Menactra is a new vaccine that offers protection against the meningococcal bacteria, one of the leading causes of bacterial meningitis in children.
It is supposed to provide better and more longer lasting protection than the Menomune, an older meningococcal vaccine.
According to the CDC:
"About 2,600 people get meningococcal disease each year in the U.S. 10 to 5 percent of these people die, in spite of treatment with antibiotics. Of those who live, another 11 to 19 percent lose their arms or legs, become deaf, have problems with their nervous systems, become mentally retarded, or suffer seizures or strokes.
Anyone can get meningococcal disease. But it is most common in infants less than one year of age and people with certain medical conditions, such as lack of a spleen. College freshmen who live in dormitories have an increased risk of getting meningococcal disease.
Meningococcal infections can be treated with drugs such as penicillin. Still, about 1 out of every ten people who get the disease dies from it, and many others are affected for life. This is why preventing the disease through use of meningococcal vaccine is important for people at highest risk."
Menactra is recommended for all children at their routine preadolescent visit (11 to 12 years of age). For those who have never gotten a meningococcal vaccine (either Menactra or Menomune) previously, a dose is recommended at high school entry.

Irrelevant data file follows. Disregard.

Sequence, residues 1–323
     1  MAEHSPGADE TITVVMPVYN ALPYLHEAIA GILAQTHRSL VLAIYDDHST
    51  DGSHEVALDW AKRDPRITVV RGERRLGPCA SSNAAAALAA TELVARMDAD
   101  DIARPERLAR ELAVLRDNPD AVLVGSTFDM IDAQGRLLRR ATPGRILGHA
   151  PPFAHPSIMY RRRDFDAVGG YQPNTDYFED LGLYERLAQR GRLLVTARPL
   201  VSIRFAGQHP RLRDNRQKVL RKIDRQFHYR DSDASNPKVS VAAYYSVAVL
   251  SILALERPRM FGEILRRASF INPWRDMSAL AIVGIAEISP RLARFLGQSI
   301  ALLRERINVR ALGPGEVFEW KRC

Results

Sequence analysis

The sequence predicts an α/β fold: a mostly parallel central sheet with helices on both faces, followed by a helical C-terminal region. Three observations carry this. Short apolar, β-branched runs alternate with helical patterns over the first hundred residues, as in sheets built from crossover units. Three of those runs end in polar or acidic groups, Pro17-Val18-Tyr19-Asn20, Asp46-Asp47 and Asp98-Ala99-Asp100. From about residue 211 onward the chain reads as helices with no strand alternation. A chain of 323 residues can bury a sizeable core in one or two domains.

Other adolescents who want to decrease their risk of meningococcal disease can also get the vaccine.
Meningococcal vaccine is also recommended for other people at increased risk for meningococcal disease:
- College freshmen living in dorms.
- Microbiologists who are routinely exposed to meningococcal bacteria.
- U.S. military recruits.
- Anyone traveling to, or living in, a part of the world where meningococcal disease is common, such as parts of Africa.
- Anyone who has a damaged spleen, or whose spleen has been removed.
- Anyone who has terminal complement component deficiency (an immune system disorder).
- People who might have been exposed to meningitis during an outbreak.
Menactra is the preferred vaccine for people 11 to 55 years of age in these risk groups, but Menomune can be used if Menactra is not available. Menomune should be used for children 2 to 10 years old, and adults over 55, who are at risk.
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